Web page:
Here is the full case:
http://decisions.fct-cf.gc.ca/en/2010/2010fc644/2010fc644.html

Date: 20100615

Docket: T-1689-09

Citation: 2010 FC 644

Ottawa, Ontario, June 15, 2010

PRESENT:    The Honourable Mr. Justice Martineau

BETWEEN:

CHRISTOPHER PATERSON

Applicant

and

HER MAJESTY THE QUEEN

IN RIGHT OF CANADA

(Canada Revenue Agency)

Respondent

REASONS FOR JUDGMENT AND JUDGMENT

[1]          By letter dated May 1, 2009, the applicant was informed that as of April 30, 2009, the Canada Revenue Agency (the CRA) was denying him the privilege of filing his clients’ income tax returns electronically by way of the EFILE and SEND programs as provided by section 150.1 of the Income Tax Act, R.S.C. 1985, c.1 (5th Supp.) (the Act).

[2]          The applicant requested an administrative review of this decision, and on September 9, 2009, the Chief of Appeals confirmed the decision to deny the applicant participation in these programs. It is this latter decision which is the subject of the present application for judicial review.

[3]          Prior to examining the particular facts of this case, section 150.1 of the Act makes it clear that there is no right to file a tax return electronically. Rather, subsection 150.1(2) specifies that “a person who meets the criteria in writing by the Minister of National Revenue (the Minister) may file a return of income for a taxation year by way of electronic filing” (my emphasis). Based on the wording of the provision, it is clear that the Minister has full discretion to grant, or revoke, the privilege of electronic filing. Relevant factors governing the exercise of the ministerial discretion are listed in the “Suitability screening” form posted on the CRA’s website.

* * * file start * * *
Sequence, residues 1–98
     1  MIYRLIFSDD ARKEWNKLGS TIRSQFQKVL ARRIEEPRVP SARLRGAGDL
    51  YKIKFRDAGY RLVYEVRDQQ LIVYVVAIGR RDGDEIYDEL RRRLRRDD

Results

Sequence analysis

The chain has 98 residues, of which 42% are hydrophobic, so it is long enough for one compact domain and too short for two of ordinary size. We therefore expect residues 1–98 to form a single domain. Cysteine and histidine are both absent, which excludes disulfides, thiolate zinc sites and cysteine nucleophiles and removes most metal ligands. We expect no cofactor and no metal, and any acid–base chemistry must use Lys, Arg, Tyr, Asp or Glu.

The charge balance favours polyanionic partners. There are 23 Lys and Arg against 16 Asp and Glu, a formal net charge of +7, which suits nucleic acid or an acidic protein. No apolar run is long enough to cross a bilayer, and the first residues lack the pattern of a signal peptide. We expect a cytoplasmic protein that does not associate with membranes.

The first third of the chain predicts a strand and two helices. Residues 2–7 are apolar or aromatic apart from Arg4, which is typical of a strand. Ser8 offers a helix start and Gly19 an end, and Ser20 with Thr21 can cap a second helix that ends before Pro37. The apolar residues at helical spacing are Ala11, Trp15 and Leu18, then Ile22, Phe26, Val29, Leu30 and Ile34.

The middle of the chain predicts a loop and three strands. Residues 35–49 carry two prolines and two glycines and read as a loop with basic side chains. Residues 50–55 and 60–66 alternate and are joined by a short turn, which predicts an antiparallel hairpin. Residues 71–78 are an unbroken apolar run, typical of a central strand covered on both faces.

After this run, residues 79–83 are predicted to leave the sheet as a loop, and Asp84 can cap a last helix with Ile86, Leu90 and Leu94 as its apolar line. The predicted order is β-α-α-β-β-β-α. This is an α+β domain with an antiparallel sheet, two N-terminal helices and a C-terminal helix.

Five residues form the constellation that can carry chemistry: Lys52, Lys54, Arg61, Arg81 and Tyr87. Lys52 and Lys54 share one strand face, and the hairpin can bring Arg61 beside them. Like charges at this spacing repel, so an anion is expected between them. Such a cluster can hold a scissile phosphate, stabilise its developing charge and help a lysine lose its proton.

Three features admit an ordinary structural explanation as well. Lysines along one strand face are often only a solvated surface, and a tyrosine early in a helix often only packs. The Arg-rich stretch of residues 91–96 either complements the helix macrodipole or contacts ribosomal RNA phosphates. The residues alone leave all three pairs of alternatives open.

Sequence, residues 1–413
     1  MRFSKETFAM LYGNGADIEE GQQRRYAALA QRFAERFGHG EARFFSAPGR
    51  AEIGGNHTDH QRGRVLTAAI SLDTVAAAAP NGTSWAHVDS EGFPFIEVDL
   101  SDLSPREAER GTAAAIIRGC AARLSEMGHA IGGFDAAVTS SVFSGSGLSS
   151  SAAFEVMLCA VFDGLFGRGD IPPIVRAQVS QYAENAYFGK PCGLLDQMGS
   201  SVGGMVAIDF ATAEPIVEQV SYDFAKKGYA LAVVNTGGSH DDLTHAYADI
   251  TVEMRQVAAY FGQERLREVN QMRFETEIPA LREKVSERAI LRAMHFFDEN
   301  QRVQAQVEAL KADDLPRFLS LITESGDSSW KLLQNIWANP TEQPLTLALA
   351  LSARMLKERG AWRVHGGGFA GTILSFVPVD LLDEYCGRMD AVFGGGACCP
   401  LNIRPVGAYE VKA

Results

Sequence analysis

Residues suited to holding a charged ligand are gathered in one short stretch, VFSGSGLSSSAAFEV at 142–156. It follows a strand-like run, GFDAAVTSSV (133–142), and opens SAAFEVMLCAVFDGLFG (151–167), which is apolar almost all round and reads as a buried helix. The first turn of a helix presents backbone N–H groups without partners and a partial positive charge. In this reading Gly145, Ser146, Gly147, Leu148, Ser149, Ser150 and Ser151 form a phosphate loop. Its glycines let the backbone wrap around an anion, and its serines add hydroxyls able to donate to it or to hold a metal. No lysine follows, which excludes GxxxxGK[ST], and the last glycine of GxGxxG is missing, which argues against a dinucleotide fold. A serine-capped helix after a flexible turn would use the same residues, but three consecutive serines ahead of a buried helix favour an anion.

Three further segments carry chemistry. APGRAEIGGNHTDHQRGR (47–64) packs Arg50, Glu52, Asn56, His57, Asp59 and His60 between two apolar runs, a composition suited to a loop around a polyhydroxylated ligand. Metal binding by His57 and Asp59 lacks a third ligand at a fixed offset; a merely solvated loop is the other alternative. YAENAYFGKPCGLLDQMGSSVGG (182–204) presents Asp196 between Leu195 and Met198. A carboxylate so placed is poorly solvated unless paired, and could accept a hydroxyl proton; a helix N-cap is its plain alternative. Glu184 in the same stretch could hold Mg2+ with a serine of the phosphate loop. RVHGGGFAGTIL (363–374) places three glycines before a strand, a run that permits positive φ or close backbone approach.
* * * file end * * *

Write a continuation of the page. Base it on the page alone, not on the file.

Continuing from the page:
[4]          Relevant factors include inter alia, that the existing or prospective participant in the EFILE program not have been convicted under the Act or any income tax act of any province, not failed to comply with the requirement to pay, collect or remit taxes as required under the Act (among other pieces of legislation), not made any misrepresentations on their application or renewal of their electronic filing privileges, and most importantly for the case at bar, the existing or prospective participant must not have been engaged “in fraud, dishonesty, breach of trust, or other conduct of a disreputable nature” (my underlining).

[5]          The applicant is a sole proprietor who prepares and submits income tax returns for a number of clients. Since about 2004, the applicant has had the privilege of preparing and submitting these returns electronically as a participant in the EFILE program set up by the Minister.